Breastfeeding: Great for Babies and Moms, MU Expert Says
World Breastfeeding Week is Aug. 1-7
July 18, 2007
Story Contact: Jennifer Faddis, 573-882-6217, FaddisJ@missouri.edu
COLUMBIA, Mo. — New mothers have many decisions to make and some think one of the most important is whether to breastfeed. A University of Missouri-Columbia nursing professor says doctors and nurses need to improve their efforts to educate women on the benefits of breastfeeding and help them overcome some of the hurdles.
“It shouldn't even be a decision because breastfeeding is so much better for the baby,” said Kay Libbus, professor in the MU Sinclair School of Nursing. “It is very rare for breastfeeding to be physiologically impossible. Unfortunately, there are many societal glitches.”
The American Academy of Pediatrics (AAP) recommends that an infant be breastfed without supplemental foods or liquids for the first six months of age. However, no U.S. state has achieved an exclusive breastfeeding rate of 25 percent or greater during the first six months of a newborns' life, according to the Centers for Disease Control and Prevention.
Faster healing and weight loss can be a benefit to mothers who breastfeed, Libbus said. For babies, some research has shown a greater immunity to allergies and other childhood illnesses. Mothers also report a great sense of bonding with their newborns through breastfeeding. However, some people believe this experience may cheat the father out of an equal chance at bonding.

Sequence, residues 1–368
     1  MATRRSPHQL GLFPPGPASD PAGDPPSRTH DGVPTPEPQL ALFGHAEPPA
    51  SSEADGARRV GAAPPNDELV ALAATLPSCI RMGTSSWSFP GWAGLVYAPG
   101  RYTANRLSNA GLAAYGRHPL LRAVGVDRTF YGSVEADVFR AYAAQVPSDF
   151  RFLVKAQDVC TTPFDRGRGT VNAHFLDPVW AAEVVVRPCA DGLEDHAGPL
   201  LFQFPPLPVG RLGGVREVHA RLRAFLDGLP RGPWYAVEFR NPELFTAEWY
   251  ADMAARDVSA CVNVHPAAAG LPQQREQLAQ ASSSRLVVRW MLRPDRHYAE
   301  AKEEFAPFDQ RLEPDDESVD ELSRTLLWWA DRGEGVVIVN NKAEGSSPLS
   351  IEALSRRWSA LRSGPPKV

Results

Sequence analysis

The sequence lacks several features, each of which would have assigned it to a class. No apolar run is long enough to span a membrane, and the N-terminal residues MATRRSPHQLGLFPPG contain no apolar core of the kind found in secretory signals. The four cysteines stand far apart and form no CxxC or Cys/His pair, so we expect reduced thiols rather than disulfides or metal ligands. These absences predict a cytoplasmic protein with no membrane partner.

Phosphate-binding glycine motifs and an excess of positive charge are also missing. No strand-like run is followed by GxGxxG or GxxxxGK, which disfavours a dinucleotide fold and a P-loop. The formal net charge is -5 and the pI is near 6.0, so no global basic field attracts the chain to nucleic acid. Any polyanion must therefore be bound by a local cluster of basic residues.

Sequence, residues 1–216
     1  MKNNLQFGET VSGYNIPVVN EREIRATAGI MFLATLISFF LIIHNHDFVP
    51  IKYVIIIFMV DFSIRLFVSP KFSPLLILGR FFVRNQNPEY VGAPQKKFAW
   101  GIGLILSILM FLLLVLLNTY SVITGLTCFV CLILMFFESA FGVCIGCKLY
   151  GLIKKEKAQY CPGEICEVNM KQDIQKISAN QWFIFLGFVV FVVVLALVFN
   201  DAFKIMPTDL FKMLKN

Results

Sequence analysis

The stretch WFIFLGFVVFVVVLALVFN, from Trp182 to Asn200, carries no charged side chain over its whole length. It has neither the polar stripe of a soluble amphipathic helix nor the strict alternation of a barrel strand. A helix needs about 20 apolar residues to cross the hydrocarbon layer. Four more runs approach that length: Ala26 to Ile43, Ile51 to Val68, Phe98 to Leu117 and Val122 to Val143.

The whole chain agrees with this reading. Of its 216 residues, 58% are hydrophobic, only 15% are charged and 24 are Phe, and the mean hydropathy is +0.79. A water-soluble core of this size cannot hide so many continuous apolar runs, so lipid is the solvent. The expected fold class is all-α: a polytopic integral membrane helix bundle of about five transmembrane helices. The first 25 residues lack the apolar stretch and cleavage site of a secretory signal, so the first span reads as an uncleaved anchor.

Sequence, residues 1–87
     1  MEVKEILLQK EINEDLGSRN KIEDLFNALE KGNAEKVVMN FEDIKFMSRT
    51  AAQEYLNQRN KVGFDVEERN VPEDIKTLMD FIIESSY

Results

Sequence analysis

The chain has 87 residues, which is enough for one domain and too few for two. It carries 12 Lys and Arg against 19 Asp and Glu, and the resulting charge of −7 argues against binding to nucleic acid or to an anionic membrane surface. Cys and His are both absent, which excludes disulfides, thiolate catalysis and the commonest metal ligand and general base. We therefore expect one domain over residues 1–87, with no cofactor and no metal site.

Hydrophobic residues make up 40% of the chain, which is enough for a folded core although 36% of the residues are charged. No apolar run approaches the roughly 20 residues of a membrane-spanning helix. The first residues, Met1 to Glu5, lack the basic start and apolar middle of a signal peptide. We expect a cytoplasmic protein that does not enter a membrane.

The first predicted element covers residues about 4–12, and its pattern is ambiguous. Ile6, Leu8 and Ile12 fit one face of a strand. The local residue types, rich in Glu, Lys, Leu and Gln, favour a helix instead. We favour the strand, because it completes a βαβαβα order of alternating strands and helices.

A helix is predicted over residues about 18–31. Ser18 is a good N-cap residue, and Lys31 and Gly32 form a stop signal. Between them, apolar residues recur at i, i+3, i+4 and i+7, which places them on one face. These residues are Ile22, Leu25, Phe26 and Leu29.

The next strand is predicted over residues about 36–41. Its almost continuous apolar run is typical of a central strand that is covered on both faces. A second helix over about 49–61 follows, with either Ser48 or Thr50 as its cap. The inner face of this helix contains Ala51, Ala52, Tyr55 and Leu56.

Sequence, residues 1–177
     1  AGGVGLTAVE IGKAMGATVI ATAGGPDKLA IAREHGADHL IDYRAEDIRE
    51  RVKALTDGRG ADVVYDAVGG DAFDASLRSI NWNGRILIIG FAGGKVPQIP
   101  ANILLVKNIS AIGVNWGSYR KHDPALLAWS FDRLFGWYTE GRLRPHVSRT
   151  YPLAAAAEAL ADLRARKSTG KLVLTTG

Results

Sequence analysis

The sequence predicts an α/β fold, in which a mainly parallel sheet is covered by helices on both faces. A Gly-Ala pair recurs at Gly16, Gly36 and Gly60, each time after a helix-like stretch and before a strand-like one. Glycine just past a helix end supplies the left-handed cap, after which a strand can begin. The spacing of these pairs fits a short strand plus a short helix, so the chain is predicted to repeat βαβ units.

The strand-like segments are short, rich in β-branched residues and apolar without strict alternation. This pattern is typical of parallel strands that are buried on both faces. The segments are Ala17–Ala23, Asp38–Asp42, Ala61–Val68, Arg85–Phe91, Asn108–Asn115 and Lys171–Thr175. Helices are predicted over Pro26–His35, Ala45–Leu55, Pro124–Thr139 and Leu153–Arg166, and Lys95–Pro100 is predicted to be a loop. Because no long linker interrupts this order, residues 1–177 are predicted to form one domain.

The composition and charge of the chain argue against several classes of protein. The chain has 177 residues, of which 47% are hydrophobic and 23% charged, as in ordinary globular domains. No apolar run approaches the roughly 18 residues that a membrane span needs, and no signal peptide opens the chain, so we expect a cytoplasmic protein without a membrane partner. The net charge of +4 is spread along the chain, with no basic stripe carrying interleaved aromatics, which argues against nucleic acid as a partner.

“A baby isn't being breastfed 24 hours a day so there are many opportunities for Dads to bond. Mothers can even pump breast milk so that Fathers can bottle feed the babies,” Libbus said.
New mothers often look to their own mothers as examples. If a woman's mother breastfed and was successful, a woman is more likely to have positive feelings about breastfeeding and be willing to initiate it, according to Libbus. However, if a woman's own mother used formula or had a troublesome experience with breastfeeding, it is less likely that a woman will initiate breastfeeding.
“We need to be helping moms. Many women don't ask questions because they feel they should naturally know how to breastfeed and that just isn't the case. Every woman should have an opportunity to see a lactation consultant to help them learn easier and better methods for making breastfeeding work,” Libbus said. “Of course, if a woman really doesn't want to breastfeed, she shouldn't feel forced to do so. That isn't good for the mental health of a new mother.”